Leaders of both houses of Russia’s Parliament said on Friday they would embrace a vote by Crimea to break away from Ukraine, while Gazprom, the Russian energy company, warned it may shut off exports over a $1.89 billion payment.
FRISCO — OK, it’s not quite spring yet, as least as far as the “official” definition, which sets the start of the loveliest season at vernal equinox, around March 21. But meteorologically speaking, March 1 is the start of spring, regardless of what the groundhogs and robins are doing, and it’s also the snowiest month of the year for our little slice of the Colorado high country. Sometimes it feels like a battle of the seasons, with winter furiously throwing more snow on to the ground in an ultimately futile effort to slow the inevitable — like the return of the robins. Continue reading →
FRISCO — A short hike along the Ptarmigan Trail to start the Memorial Day weekend yielded some of the first real spring-like images of the year, including some always spectacular pasque flowers, as well as aspen leaves finally starting to show, as late as I can ever remember. All this just one year after the earliest and warmest spring on record, which may be another sign of weather extremes driven by global climate change, or, maybe, just nature;s inherent capricious whimsy. Continue reading →
Buttercups bloomed this week, the first wildflowers after a long winter.
FRISCO — After a few false starts, it appears that spring has truly sprung in the Colorado high country, though it shouldn’t surprise anyone if it snows once (or twice) more before all is said and done. But the past few days, we’ve experienced beneficial moistening rains and the Earth is responding in overdrive. Grass and other plants are growing almost visibly from day to day, the first few wildflowers have popped and streams are swelling in their banks. Even after many years living high in the mountains, the speed always surprises me a little. Our native plants, adapted to a short growing season, seem to know there’s no time to waste.
A stand of aspens is partially submerged by a spring snowmelt pond near the Meadow Creek trailhead in Frisco, Colorado.
SUMMIT COUNTY —At long last, the melt season has started in the Colorado high country, nearly a month later than last year. As it goes in the mountains, things change in a hurry once it warms up. Tender green sprouts shoot up at the edge of crusty snowbanks, sometimes growing an inch per day. There’s not a lot of time — at 10,000 feet, most plants have to reach flowering stage within just a couple of months. Springtime in the Rockies! Continue reading →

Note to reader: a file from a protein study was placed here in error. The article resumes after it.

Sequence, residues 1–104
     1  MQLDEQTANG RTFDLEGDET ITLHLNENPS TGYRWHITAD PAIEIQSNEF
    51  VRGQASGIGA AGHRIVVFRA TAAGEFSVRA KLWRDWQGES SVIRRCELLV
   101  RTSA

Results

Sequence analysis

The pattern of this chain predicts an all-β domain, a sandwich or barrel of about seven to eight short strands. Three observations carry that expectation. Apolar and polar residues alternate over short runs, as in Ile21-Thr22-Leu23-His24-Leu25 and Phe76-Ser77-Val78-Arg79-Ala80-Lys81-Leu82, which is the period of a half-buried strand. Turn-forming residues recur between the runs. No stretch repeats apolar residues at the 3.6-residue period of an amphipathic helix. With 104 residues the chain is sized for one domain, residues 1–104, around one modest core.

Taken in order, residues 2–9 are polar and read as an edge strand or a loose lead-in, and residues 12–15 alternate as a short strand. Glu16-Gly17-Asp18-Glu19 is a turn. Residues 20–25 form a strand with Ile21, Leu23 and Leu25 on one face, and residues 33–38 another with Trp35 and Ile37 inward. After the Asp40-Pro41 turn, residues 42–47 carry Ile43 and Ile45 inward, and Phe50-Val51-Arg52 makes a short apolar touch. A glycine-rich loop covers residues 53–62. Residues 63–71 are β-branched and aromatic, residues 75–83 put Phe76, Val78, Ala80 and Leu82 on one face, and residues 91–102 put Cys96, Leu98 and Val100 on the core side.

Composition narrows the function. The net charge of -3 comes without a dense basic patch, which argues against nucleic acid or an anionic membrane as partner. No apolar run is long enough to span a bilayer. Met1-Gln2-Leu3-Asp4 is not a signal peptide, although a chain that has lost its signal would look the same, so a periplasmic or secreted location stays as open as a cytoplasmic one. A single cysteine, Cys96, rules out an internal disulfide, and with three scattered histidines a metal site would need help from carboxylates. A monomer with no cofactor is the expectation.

FRISCO —While this mid-April storm may not quite qualify as a bona fide drought buster, it sure won’t hurt and it will definitely take the hard edge off concerns about summer water supplies. As of Monday afternoon, about 16 inches had piled up here in Frisco, and more snow is, supposedly, on the way. Continue reading →
Big snowdrifts are slowly melting in the lee of what were once islands in Dillon Reservoir.
FRISCO — After a spate of cold, gray days (and there are more to come), April sunshine finally broke through Friday afternoon. What a great way to start the weekend! It didn’t take long for the snow to start melting away in the flats around Dillon Reservoir, showing how far the water level dropped this winter. Beneath a few meltwater ponds, the dry, cracked mud of last autumn is still visible — apparently it takes a while for the thirsty Earth to replenish itself. More snowy and cold weather is expected starting Saturday afternoon right into the first half of next week, but the afternoon sunshine gave a hint of warmer days ahead. Continue reading →
SUMMIT COUNTY —April yielded some of the best pictures of the year, from rich and saturated colors, finally warmed by the seasonal sun, to delicate scenes of melting ice and dramatic sunrises. Vote in the poll for your favorite April picture. The winning photo will be featured as the monthly image in the 2013 Summit Voice calendar.
SUMMIT COUNTY — Fall aspen season, when the leaves turn, is rightly hailed as one of the most spectacular times of year in the high country, with splashy colors and crisp air. But the spring transition, when the trees go from bare bones to flickering green in just a few days, is equally stunning, although a bit more subtle. It’s a little harder to capture the tender green of emerging aspen leaves, since the display is not quite as showy. Continue reading →
SUMMIT COUNTY — When I started bushwhacking up along Meadow Creek Saturday, I wasn’t sure what I would find, but I wasn’t expecting icicles. Yet in the deeper, shadier sections of the gorge, there they were, looking wintry. Technically, they’re probably not really icicles, so I’ve decided to call them splashcicles, since they form when water from the creek splashes up and coats nearby branches or logs, only to drip down again. Continue reading →
Kim Fenske captured this great image of snowshoe hare during a late winter excursion on Mt. Yale, in the Sawatch Range. Click to see the rest of his adventure.
By Bob Berwyn
SUMMIT COUNTY — March came in like a lamb, and, well, it went out like a lamb as well, with a skein of dry and mild weather that was pleasant but frightening. Dillon Reservoir is on track to melt as early as it’s ever melted, which could add to potential water woes through increased evaporation, and the snowpack at local ski areas was nothing to brag about, unless you’re a huge fan of spring conditions. But life goes on, and like any other month in the high country, there are moments of great beauty, even if the weather is unseasonably dry and warm. Continue reading →